This thinking is no different to a business development conversation as we reviewed three popular and successful US sales models that have been translated into Polish. They are available as sales training programmes too. It is our consideration that it is unlikely that US source material functions in the UK without modification around the cues that each sales model generated. In fact, the more complex and valuable your offer the less likely it was the material would function in the UK in its pure US format.

Is your US sourced business development approach exposed to this in the same way US sourced humour would be?

Culture & rainmaking

We are studying recognised sales models and approaching the rainmaking differences they expose the user to via the potential impact of the Geert Hofstede cross-cultural model.

Much US business development literature reflects the high masculinity ranking within the Hofstede modelling of cultures: 

The Masculinity side of this dimension represents a preference in society for achievement, heroism, assertiveness, and material rewards for success. Society at large is more competitive.

In terms of Polish-to-Anglo sales communication, this ranking for masculinity is very similar for Poland and the UK. It can be very visible at the start of a sales meeting or an introduction. It means that at the earliest point of a business relationship there appears to be great similarity between Polish and British business goals. This together with the potential match to what we describe as; ‘US English-language selling methods’, mean that it often seems straightforward to precede. This initial matching acts as motivation and confidence to proceed with our initial contact or introduction decisively. Why not? – as there is early evidence of encouragement.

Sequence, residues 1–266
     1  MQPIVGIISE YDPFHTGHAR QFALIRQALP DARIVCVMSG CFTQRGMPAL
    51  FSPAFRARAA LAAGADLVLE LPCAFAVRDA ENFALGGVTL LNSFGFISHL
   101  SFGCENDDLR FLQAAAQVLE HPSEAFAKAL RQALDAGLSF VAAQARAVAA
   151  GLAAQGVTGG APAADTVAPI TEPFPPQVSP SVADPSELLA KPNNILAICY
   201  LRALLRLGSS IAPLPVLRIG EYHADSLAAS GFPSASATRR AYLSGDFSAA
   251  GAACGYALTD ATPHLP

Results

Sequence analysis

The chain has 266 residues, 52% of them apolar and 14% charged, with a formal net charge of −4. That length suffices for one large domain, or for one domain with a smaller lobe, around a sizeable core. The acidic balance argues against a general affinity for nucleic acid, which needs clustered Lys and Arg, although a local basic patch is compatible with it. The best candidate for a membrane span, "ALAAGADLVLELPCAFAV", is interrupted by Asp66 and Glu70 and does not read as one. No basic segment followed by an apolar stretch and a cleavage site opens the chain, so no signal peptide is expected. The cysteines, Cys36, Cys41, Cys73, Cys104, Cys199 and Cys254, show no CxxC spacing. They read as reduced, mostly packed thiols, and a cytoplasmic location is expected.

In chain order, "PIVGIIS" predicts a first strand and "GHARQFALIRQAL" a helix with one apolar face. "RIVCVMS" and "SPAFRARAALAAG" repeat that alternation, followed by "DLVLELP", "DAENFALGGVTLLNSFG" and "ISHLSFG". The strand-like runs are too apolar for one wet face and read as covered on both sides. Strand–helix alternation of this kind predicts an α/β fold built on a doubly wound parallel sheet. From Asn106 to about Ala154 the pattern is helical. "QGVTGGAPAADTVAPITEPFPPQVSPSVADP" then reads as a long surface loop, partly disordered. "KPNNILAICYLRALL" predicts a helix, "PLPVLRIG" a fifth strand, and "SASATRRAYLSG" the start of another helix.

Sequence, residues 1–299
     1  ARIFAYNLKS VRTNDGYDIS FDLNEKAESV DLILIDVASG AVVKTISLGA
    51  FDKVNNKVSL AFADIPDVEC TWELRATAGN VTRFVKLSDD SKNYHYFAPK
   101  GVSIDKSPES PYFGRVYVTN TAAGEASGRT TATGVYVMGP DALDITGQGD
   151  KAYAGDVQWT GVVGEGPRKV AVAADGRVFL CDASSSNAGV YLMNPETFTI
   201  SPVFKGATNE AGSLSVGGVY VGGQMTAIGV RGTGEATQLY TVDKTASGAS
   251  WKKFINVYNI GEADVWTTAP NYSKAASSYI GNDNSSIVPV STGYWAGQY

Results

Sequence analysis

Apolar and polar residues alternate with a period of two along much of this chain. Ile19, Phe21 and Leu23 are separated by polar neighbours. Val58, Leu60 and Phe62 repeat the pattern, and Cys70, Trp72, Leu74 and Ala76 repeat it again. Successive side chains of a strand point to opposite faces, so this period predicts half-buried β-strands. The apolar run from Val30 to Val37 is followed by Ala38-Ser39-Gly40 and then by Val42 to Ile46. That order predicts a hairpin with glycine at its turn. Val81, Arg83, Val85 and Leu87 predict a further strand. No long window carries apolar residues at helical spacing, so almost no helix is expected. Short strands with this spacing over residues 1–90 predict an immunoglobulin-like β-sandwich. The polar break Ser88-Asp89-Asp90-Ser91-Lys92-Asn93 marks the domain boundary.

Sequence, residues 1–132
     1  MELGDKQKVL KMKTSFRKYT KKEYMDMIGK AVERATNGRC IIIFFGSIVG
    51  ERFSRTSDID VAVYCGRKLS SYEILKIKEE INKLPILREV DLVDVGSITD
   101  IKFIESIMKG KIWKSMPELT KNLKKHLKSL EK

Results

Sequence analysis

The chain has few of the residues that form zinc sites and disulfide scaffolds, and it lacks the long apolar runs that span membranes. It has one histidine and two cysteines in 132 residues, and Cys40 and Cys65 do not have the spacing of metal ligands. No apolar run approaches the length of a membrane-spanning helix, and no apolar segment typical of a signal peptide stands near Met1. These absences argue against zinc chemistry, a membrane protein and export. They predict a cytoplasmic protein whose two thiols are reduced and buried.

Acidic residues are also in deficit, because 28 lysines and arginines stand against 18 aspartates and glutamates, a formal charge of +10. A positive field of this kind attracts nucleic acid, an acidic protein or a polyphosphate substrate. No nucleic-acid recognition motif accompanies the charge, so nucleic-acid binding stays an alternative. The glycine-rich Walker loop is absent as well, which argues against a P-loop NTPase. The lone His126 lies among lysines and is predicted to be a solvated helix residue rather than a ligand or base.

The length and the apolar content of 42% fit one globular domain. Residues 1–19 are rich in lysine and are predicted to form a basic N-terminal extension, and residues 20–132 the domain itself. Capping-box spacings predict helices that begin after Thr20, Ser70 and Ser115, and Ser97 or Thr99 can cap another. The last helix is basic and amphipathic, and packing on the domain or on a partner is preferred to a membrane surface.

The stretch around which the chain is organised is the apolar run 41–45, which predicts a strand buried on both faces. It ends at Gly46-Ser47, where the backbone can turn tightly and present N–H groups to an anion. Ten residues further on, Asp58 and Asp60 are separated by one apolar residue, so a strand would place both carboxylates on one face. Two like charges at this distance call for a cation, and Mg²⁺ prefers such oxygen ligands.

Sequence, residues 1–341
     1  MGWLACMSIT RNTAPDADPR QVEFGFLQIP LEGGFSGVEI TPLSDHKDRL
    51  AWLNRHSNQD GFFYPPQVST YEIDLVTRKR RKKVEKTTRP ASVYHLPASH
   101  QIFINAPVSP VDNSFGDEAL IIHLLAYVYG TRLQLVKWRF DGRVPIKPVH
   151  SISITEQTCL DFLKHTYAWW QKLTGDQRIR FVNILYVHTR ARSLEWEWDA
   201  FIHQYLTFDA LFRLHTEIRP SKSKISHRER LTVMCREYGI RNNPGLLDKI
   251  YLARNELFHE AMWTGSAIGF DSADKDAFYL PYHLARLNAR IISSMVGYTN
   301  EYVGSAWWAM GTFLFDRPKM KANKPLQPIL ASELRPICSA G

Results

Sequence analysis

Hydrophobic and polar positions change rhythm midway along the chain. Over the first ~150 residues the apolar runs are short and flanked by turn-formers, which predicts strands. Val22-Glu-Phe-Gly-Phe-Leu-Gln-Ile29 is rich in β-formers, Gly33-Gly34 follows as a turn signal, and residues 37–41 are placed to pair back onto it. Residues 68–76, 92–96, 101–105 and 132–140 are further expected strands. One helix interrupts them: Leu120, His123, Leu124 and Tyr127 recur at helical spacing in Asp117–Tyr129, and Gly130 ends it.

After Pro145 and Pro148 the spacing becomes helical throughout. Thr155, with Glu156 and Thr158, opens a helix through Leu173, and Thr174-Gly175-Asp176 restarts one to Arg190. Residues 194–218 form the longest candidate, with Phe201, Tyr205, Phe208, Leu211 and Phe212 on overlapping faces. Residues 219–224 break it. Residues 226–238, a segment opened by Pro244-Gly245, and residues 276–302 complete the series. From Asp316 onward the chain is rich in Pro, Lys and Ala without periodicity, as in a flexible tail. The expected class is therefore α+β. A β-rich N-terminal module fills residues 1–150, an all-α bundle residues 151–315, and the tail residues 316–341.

Culture & rainmaking

If you look at the Hofstede model; ‘Masculinity’ is the one dimension that is virtually the same between Polish and UK culture. It is the only one that is such a close match. This has the potential to generate a misleading platform for the rest of our relationship building approach. It leads us to believe that we are not so different and surely, we can proceed within our Polish frame of reference?

This is not so. If you think in terms of humour and business development it is critical to ask the question:

‘What does this audience know about my joke/business subject?’

Before you emphasise your value within an introduction start from that framework. A 60 second pitch well delivered will not compensate for this. How does mastery of your pitch move you along the social-commercial-comfort scale?

People rarely connect or listen intently to things they do not understand or an approach that makes them feel uncomfortable or wary.